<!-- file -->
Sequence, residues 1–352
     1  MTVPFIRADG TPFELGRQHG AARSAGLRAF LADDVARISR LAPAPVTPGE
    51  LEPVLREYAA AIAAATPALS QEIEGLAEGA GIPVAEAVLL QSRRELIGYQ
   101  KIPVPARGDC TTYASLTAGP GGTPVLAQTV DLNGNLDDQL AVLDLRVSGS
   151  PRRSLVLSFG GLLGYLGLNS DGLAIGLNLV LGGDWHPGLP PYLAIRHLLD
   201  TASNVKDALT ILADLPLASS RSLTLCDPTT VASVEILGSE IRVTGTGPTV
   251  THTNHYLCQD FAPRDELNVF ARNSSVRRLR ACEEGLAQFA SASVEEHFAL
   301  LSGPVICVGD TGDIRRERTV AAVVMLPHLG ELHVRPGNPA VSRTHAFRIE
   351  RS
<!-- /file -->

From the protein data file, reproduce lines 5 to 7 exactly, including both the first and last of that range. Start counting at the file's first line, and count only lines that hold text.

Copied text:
   151  PRRSLVLSFG GLLGYLGLNS DGLAIGLNLV LGGDWHPGLP PYLAIRHLLD
   201  TASNVKDALT ILADLPLASS RSLTLCDPTT VASVEILGSE IRVTGTGPTV
   251  THTNHYLCQD FAPRDELNVF ARNSSVRRLR ACEEGLAQFA SASVEEHFAL